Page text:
On Wednesday, mayoral spokesperson Fabien Levy said that while Adams transferred ownership of the property to Cowan in 2007, she did not file a new deed for the unit.
“The mayor has not lived at, earned any income from, or controlled the property in over a decade,” Levy said.
The mayor discovered he still owned the property last year, when Adams replaced his longtime accountant, Clarence Harley, who has been blamed for several mishaps during the campaign.
“Once he got a new accountant, the mayor realized all the proper paperwork had not been filled out in the past and that a new deed had not been filed by the other property owner,” Levy said. “That process is now underway and that is why the mayor proactively and personally called [the conflicts board] before he took office and asked about what amendments needed to be made to past filings.”
After a brief stint living in a rental, Adams moved in 2017 into a Bedford-Stuyvesant brownstone he owned.
A year earlier, he had purchased a Fort Lee, N.J., apartment with his current partner, Tracey Collins, in the same building where public records show Cowan now lives.
During the campaign, Adams said he had stopped visiting Collins in New Jersey after he moved into his Brooklyn Borough Hall office in March 2020 to assist with pandemic recovery in his capacity as borough president. He went as far as pitching a mattress near his wooden desk and setting up cookware, including a blender for his trademark smoothies, in the stately municipal building.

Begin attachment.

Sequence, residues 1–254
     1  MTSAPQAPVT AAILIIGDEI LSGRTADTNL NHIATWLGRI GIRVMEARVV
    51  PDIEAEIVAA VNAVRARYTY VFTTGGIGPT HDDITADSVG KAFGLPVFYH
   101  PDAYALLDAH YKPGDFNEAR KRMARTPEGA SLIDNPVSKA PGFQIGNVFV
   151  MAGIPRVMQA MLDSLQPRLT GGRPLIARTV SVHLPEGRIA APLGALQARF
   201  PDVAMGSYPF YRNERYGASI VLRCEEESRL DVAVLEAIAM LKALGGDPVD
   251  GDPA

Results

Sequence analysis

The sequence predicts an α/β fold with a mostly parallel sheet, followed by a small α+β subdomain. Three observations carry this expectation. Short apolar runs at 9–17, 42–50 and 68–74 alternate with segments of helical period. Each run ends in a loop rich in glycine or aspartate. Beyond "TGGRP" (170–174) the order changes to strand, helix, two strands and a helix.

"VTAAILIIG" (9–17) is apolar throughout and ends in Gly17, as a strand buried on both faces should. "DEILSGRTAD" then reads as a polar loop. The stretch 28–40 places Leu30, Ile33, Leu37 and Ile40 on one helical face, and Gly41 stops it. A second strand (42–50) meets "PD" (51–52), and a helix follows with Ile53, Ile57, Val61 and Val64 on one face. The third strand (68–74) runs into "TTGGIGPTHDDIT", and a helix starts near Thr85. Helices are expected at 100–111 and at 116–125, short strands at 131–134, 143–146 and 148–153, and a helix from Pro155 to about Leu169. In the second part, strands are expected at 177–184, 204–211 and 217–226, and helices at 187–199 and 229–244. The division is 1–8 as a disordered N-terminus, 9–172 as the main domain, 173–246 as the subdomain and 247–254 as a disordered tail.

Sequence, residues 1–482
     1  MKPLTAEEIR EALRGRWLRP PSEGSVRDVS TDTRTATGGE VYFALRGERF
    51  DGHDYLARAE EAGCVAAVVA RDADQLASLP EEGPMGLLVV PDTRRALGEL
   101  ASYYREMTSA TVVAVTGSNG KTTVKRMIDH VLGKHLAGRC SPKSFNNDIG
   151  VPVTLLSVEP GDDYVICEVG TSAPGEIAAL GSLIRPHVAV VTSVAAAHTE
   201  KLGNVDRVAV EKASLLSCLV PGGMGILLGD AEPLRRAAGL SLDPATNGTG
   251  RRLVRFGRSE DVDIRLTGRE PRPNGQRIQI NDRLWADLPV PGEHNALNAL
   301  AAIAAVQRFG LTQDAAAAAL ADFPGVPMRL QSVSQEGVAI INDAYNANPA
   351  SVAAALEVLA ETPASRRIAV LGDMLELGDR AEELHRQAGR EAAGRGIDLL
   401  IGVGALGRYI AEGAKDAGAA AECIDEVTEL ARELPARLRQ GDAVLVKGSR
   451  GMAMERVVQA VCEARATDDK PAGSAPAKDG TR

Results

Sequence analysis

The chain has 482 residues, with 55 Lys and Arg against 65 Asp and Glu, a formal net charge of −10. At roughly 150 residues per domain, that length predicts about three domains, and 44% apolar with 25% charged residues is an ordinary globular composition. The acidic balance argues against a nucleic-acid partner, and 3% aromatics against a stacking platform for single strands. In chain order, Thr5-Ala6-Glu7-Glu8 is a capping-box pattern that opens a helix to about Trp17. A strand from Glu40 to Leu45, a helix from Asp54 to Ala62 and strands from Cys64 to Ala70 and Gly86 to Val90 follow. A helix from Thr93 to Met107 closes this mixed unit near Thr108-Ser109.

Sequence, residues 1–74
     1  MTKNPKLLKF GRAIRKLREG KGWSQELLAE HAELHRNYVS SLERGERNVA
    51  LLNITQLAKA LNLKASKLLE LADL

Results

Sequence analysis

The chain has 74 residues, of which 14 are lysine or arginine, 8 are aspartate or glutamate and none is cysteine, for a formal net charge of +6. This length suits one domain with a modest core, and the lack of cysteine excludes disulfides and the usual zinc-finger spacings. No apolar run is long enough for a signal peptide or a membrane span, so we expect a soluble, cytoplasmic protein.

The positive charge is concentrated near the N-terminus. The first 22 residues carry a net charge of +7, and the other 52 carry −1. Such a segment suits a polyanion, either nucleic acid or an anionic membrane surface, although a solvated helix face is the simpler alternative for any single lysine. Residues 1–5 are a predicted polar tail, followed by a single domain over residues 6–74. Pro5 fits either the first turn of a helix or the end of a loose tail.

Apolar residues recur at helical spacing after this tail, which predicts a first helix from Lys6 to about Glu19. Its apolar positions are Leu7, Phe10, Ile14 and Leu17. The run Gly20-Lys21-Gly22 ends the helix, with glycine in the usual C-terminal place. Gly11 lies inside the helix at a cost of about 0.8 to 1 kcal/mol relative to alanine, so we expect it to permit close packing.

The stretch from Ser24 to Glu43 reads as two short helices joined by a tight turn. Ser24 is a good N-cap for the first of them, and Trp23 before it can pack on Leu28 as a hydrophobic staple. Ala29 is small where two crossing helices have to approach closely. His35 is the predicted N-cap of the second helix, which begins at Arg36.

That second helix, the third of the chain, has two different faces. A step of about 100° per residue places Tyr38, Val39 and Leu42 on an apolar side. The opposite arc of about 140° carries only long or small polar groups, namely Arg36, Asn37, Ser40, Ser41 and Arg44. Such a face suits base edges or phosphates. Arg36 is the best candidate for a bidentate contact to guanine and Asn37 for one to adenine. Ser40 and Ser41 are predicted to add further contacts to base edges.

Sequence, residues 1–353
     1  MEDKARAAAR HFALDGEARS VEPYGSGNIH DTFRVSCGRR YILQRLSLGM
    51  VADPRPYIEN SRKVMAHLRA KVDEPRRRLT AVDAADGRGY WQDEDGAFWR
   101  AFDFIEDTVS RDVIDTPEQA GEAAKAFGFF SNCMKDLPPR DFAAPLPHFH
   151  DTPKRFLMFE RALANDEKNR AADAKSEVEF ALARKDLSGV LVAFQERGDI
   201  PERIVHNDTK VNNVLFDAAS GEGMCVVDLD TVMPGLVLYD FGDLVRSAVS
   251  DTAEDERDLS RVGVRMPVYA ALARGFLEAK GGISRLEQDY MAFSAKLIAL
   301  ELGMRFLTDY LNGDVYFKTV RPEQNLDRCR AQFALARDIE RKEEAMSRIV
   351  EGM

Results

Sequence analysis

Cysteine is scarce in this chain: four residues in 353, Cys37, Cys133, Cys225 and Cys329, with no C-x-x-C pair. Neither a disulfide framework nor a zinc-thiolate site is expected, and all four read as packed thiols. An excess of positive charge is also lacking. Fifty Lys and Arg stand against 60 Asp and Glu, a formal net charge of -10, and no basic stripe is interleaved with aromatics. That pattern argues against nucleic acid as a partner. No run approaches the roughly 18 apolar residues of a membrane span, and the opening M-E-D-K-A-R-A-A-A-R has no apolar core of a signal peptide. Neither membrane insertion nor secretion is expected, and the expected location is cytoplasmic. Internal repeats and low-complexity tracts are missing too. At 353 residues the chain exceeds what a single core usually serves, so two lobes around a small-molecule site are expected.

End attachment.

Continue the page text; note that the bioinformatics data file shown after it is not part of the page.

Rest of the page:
Yet a year later, POLITICO found through eyewitness accounts and information from rival campaigns that Adams was still staying in his government office, often coming and going late at night and during the early-morning hours.
“I’ve been entering borough hall at 1 in the morning, working until 3 to 4 with my staffers who come in because they believe — and then getting up at 6:30, 7 to go to the train station,” Adams said last June, addressing the press after POLITICO first reported on his living situation. “It’s not a mystery where I am.”
He attributed his evasiveness to a desire to protect his family, particularly given his history as an outspoken NYPD captain.
“My secrecy is my family,” he said. “I signed up for this life. They did not sign up for this life.”
He then invited reporters to inspect the trappings of his dark, cramped basement apartment at the Bed-Stuy brownstone. He was joined by his adult son Jordan, who said he routinely stayed on another floor of the home and occasionally crashed on his father’s couch.
But even after the showing, questions about the property continued.